New WS Series Recorders: Cutting Edge Innovation at Competive Prices


We’re proud to announce the addition of the WS-600S, WS-700M and WS-710M to our line of recorders. Check out the specs on these cool new products:

WS-600S features:
•    27.5 x 23.9mm LCD screen (30-percent increase)
•    2GB of internal memory
•    529 hours of recording time
•    WMA and MP3 recording formats and file divide
•    Built-in USB port for direct connect to PC
•    Scene Select function
•    High-quality stereo microphones
•    Playback speed control
•    VCVA, Multiple Language and Index Marks functions
•    Colors: Metallic silver

WS-700M features:
•    27.5 x 23.9mm LCD screen (30-percent increase)
•    4GB of internal memory
•    1058 hours of recording time
•    microSD card slot (up to 16GB)WMA, MP3 and PCM recording formats and file divide
•    Built-in USB port for direct connect to PC
•    Scene Select function
•    USB battery charge
•    High-quality stereo microphones
•    Playback speed control
•    VCVA, Multiple Language and Index Marks functions
•    Noise Cancellation feature
•    Colors: Metallic gray, navy or red

WS-710M features:
•    27.5 x 23.9mm LCD screen (30-percent increase)
•    8GB of internal memory
•    2122 hours of recording time
•    microSD card slot (up to 16GB)
•    WMA, MP3 and PCM recording formats and file divide
•    Built-in USB port for direct connect to PC
•    FM Tuner
•    Scene Select function
•    USB battery charge
•    High-quality stereo microphones
•    Playback speed control
•    VCVA, Multiple Language and Index Marks functions
•    Noise Cancellation feature
•    Olympus Sonority Software
•    Directional microphone
•    Colors: Metallic black

The WS-600S, WS-700M and WS-710M digital audio recorders will be available in September 2010. Each will include a carrying case, one rechargeable AAA alkaline battery, an instruction manual and an Olympus warranty card. The WS-700M and WS-710M also will come with a USB extension cable and earphones.

U.S. PRICING WS-600S Estimated Street Price: $79.99 WS-700M Estimated Street Price: $99.99 WS-710M Estimated Street Price: $149.99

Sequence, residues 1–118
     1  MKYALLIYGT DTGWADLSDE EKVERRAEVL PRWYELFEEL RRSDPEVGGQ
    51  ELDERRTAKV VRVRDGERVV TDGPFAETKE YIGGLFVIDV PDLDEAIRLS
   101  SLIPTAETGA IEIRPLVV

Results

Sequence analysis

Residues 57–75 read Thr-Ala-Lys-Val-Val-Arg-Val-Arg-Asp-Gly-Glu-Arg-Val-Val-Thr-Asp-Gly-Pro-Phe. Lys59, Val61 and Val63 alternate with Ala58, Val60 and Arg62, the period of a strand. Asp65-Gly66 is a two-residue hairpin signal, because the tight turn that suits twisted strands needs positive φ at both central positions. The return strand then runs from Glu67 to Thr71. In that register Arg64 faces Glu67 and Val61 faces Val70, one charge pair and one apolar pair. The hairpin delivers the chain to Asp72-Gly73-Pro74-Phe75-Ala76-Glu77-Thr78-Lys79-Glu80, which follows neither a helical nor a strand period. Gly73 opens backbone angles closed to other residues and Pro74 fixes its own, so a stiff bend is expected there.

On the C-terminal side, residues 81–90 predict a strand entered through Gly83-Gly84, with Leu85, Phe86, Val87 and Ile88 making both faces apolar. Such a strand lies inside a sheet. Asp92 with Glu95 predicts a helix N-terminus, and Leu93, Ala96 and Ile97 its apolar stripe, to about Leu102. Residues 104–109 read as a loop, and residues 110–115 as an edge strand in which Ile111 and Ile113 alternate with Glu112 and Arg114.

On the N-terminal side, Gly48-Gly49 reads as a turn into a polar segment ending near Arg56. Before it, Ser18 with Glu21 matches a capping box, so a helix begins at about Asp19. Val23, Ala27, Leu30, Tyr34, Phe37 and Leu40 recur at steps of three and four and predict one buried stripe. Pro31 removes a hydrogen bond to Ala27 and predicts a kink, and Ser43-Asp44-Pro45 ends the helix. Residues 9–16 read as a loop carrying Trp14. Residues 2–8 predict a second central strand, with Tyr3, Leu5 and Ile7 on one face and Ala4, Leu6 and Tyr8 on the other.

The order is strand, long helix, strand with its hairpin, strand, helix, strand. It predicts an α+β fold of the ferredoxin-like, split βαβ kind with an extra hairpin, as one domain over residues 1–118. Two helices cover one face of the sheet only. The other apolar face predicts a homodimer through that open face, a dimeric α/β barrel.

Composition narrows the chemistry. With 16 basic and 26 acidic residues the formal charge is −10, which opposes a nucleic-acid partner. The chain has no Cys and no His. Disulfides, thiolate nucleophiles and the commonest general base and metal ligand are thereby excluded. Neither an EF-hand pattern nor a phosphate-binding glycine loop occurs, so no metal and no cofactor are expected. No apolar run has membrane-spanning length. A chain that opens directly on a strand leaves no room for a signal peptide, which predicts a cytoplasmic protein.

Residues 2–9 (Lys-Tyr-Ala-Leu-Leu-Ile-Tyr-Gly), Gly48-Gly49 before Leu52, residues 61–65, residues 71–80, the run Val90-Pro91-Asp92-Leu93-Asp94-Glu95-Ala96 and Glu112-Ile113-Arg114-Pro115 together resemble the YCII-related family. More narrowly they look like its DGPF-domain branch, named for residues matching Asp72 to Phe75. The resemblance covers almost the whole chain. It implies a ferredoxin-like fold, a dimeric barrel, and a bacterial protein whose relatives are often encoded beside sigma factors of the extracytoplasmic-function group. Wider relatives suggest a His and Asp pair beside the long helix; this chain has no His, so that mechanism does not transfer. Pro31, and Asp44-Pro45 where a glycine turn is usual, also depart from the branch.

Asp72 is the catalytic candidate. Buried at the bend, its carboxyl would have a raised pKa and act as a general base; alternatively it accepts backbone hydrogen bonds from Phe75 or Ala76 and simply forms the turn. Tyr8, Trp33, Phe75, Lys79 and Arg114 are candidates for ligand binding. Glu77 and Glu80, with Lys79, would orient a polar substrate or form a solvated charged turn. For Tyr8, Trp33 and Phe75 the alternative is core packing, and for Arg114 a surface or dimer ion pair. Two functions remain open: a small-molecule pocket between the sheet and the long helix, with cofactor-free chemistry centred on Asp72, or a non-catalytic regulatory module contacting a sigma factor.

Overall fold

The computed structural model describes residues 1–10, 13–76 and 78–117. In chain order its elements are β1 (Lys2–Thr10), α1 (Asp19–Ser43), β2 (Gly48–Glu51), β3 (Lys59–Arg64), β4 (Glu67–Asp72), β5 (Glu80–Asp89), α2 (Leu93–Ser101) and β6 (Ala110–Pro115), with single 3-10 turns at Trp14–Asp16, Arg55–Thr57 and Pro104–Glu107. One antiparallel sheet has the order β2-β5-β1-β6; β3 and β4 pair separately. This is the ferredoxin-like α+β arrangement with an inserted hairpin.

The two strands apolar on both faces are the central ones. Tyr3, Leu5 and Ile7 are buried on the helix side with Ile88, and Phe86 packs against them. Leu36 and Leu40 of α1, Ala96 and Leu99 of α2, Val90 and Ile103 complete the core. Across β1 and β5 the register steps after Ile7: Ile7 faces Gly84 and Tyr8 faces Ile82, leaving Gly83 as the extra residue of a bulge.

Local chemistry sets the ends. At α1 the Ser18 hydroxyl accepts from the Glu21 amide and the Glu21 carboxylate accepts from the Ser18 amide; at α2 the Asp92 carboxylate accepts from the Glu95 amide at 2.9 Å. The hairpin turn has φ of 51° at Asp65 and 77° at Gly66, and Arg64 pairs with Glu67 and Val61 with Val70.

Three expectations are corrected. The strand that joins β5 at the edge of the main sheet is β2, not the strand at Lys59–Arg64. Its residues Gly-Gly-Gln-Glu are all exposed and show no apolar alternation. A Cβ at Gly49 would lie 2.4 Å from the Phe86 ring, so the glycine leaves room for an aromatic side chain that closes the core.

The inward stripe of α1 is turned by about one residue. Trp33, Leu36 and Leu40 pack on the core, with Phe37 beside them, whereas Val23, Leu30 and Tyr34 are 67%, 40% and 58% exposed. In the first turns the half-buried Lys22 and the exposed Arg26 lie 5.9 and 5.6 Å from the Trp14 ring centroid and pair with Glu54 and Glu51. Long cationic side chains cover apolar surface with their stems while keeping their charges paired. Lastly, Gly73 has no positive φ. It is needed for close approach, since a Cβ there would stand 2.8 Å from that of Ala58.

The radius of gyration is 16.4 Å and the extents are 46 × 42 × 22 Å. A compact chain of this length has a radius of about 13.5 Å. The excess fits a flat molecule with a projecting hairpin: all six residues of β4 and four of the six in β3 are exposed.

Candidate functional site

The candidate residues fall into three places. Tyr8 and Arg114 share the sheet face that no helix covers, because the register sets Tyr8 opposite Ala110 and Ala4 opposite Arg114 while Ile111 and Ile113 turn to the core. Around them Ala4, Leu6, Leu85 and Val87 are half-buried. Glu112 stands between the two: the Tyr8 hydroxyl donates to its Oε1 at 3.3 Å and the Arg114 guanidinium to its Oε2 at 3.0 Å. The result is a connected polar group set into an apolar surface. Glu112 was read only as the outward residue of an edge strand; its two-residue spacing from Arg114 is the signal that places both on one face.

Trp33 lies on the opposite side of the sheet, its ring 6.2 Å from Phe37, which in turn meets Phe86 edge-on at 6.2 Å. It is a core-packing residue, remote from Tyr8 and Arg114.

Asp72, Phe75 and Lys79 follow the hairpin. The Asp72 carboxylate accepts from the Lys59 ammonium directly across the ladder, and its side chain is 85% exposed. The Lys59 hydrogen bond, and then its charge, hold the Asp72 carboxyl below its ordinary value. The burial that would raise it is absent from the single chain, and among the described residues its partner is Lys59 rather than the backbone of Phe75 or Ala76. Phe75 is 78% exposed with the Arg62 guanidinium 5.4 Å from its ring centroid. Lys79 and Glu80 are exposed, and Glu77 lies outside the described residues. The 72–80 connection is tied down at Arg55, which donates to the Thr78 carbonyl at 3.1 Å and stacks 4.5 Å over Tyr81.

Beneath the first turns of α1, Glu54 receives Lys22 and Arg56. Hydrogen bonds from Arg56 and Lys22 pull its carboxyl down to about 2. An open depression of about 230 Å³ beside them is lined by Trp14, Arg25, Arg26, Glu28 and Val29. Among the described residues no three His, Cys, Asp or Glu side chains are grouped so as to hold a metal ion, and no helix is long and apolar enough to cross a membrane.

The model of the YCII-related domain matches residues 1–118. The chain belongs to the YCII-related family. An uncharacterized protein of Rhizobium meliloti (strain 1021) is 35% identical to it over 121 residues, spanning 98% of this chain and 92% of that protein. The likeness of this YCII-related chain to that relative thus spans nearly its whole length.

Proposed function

To read the full press release visit: http://twurl.nl/qwfeh2

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The World’s First Microcassette Recorder!


The year was 1969 and technological innovation was in high gear. The Boeing 747 took off on its maiden voyage, thus sealing the deal on high-volume commercial flight. The first message was sent over ARPANET, the forerunner to the internet, ultimately changing the shape of global communications. And, of course, Apollo 11 put man on the moon. Most people are aware of these great technological feats but few know of Olympus’ contribution to the technological landscape. The very same year we unleashed the first microcassette recorder on the world, the Zuiko Pearlcorder, which helped to increase productivity for thousands upon thousands of businesses.

Using the familiar 2.25″ x 1.5″ microcassette as a point of reference, this recorder was fairly large and hardly “micro” compared to current technologies. Still, versus other available dictations solutions, the Zuiko Pearlcorder was pretty portable. Of course, we must give credit to the fashion czars of the ’60s and ’70s for providing such large pockets to accommodate our recorder.

We’ve come a long way since the development of this recorder but I wanted to take just a moment to recognize our very first voice recorder. If you’ve ever owned one of these recorders we’d love to hear your Pearlcorder story.

LS-10 vs. LS-11: What’s The Difference?


Lately I’ve come across a good number of people asking what the difference is between our LS-10 and LS-11 Linear PCM Recorders. It’s time I answered this question once and for all.

From a quality standpoint there is almost no difference between these two units. Both feature the same high-sensitivity, 16mm cardoid microphones and offer 24 bit/96 kHz linear PCM recording quality. There is a difference in frequency response (70Hz – 20 KHz for the LS-10 and 60Hz -20Khz for the LS-11) which helps to resolve some of the bass roll-off concerns we’ve heard from our musician base of users. Otherwise, the differences between these recorders are all about convenience. In a nutshell, here’s what the LS-11 features that the LS-10 does not:

  • The ability to copy internal files to SD. Simple file management.
  • The ability to edit and move files on the recorder. You can partially cut or divide your files.
  • Voice synchronization enables automatic recording when sounds are detected at a preset level.
  • Extended battery life. Up to 23 hours.
  • Gapless playback.
  • More internal memory. 8 GB expandable to 32 GB with an SD or SDHC card.

That’s really all it comes down to. Whatever your recording requirements, if you demand high quality audio, either of these recorders will serve you well.

To hear some audio files captured on the LS series check out our What We Sound Like: Music page. If you’d like to learn and hear more about these recorders the fine folks at FrequencyCast have put together a superb review of both recorders. Check it out here.